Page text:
People in the rest of the country have been making a big mistake about people in the state of Georgia for a long, long time, going back at least to the days of Franklin D. Roosevelt. Perhaps you’ve heard of him. He was elected president of the United States four times. His Little White House in Warm Springs is where he died in April of 1945, near the end of World War II. Perhaps that’s why he thought Georgia voters would pay attention to what he thought.
Roosevelt made a famous speech in Barnesville in August of 1938 in which he openly campaigned against a sitting Georgia senator named Walter F. George. George didn’t like FDR’s New Deal because he feared it gave the government too much power over the people and set in place social welfare programs that, once established, could never be reeled back in. Roosevelt told Georgians to go to the polls and vote for Lawrence Camp, an FDR puppet who supported the New Deal and everything else the president proposed.
Oh, yes. I forgot to mention that Senator George was sitting right behind the president when he made his ill-timed speech.
It didn’t work. In fact, it had just the opposite effect of what FDR intended. The people of Georgia re-elected Walter F. George in a landslide and FDR’s margins of victory in Georgia dropped significantly in his third and fourth terms. The decline in popularity was contributed by political pundits and historians directly to the “Barnesville Mistake.”
Let him who has ears hear.
Now everybody who knows me knows that I am a Disney guy. I grew up watching the “Mickey Mouse Club” on our black-and-white television and fantasizing about Annette Funicello, just like most of the boys of my generation. I had a coon-skin cap and knew every verse to “The Ballad of Davy Crockett.” I dreamed of one day going to Disneyland and seeing Snow White’s castle with my own eyes, but never in a million years thought those dreams would come true.
When Walt Disney brought his magic to Florida and I got to go to Walt Disney World and see Cinderella’s castle in person, I cried real tears. I was 20 years old.
I raised my kids on Disney movies, and we vacationed at the theme parks as often as we could. We still do. I still sit down and watch Disney animation with my grandson, Sir Henley, the Adorable. I own Disney stock. I own a considerable amount of Disney stock.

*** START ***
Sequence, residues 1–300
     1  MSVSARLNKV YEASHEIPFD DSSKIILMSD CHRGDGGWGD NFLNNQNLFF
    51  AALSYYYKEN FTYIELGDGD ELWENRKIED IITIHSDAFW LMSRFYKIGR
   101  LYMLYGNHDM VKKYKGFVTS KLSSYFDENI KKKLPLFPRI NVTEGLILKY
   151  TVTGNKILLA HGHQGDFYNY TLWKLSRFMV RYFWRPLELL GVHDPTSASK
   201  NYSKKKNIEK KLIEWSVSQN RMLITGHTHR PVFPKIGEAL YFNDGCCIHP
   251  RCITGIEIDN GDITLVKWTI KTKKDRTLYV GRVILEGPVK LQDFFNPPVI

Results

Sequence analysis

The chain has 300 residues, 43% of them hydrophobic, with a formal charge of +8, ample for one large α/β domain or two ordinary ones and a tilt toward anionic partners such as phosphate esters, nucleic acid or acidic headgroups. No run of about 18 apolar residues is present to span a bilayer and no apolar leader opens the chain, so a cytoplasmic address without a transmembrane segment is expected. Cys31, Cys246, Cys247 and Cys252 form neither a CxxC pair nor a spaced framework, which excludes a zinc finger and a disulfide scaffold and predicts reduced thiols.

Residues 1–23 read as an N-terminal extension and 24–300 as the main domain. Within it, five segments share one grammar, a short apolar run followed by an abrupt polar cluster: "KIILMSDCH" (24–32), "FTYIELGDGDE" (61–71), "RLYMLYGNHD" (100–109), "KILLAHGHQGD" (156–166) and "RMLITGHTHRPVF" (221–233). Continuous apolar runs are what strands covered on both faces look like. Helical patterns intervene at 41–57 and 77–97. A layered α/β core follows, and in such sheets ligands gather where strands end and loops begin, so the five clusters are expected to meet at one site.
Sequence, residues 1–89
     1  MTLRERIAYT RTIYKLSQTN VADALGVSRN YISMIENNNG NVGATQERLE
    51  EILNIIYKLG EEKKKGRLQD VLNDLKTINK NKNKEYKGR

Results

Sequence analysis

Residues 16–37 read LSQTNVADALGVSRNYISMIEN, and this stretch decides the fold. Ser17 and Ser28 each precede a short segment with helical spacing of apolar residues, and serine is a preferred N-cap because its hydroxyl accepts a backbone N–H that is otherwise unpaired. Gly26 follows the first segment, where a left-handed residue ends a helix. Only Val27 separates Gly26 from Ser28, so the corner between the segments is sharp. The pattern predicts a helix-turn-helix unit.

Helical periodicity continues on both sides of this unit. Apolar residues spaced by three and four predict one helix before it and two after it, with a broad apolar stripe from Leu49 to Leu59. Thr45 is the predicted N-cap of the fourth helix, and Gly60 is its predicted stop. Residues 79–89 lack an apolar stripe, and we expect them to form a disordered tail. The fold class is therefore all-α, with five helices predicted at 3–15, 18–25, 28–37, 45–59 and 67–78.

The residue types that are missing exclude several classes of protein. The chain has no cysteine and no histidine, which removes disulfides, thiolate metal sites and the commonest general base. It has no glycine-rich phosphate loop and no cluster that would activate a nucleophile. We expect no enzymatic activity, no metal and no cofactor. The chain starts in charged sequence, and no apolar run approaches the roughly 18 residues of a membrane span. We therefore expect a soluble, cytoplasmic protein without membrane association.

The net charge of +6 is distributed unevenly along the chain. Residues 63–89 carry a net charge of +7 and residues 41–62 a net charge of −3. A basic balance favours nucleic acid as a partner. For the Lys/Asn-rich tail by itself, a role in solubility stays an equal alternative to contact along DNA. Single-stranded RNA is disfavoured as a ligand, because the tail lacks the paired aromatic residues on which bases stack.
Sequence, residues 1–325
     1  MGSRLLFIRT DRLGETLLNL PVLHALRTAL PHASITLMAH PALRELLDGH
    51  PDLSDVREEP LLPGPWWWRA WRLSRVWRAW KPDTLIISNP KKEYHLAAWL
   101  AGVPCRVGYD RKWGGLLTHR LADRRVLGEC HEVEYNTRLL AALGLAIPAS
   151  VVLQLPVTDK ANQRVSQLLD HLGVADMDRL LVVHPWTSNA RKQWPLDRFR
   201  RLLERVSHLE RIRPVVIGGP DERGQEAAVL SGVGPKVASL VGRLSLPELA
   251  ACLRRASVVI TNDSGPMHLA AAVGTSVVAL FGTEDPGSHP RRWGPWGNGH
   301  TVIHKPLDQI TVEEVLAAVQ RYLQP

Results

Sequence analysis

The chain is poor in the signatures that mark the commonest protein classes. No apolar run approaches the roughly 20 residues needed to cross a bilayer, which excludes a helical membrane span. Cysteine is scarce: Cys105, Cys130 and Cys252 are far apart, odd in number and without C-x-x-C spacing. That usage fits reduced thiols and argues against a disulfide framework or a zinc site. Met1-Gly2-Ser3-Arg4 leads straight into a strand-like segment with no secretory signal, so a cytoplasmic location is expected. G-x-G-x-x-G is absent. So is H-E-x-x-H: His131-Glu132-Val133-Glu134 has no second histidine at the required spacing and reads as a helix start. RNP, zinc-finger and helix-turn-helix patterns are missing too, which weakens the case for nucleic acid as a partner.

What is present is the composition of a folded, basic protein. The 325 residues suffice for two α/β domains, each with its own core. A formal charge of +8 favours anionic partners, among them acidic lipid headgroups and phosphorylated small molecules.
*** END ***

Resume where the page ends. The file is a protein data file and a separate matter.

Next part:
But last week, Robert Iger, CEO of the Disney Corporation, made a huge mistake, a mistake people have been making going back to FDR. He made the mistake of thinking that the people of Georgia will kowtow to him and his opinions.
He decided to become a part of the growing trend in Hollywood and threatened to stop doing business in Georgia because the state recently passed a bill protecting the rights of unborn children to actually be born, if they could make it to the time their heartbeats could be heard —about six weeks — without being aborted by their mothers.
Iger stated that most of his employees were probably against such a bill and he would have to consider their feelings. But here is the thing.
Robert Iger is a hypocrite of the greatest magnitude. Disney does business all over the world. All over the world. Disney does business in China. China. There is a Disney theme park in Hong Kong, for goodness sakes. Don’t tell me Hong Kong isn’t part of China, you’ll be splitting hairs and missing the point.
Disney, of whom I am a big fan, does business with all kinds of countries involved in all manner of human rights violations — and now he is threatening to boycott a state because he says his employees might not like a law duly passed by its state representatives? I am sure there are laws in every state he could take exception to, but he does business in China.
He is not taking a stance; he is grandstanding — as are all the other Hollywood leftists who are trying to tell us how to conduct our business.
It didn’t work in 1938 and it will not work in 2019 — or 2020.
What Robert Iger and all the others need to understand is that the boycott business works both ways and a lot of people who have been in the habit of watching their TV shows and movies and visiting their theme parks and buying their plush toys, have opinions and dollars to spend, too. And votes to cast.
To paraphrase Rhett Butler, “Frankly, Hollywood and Mr. Iger, we don’t give a damn.”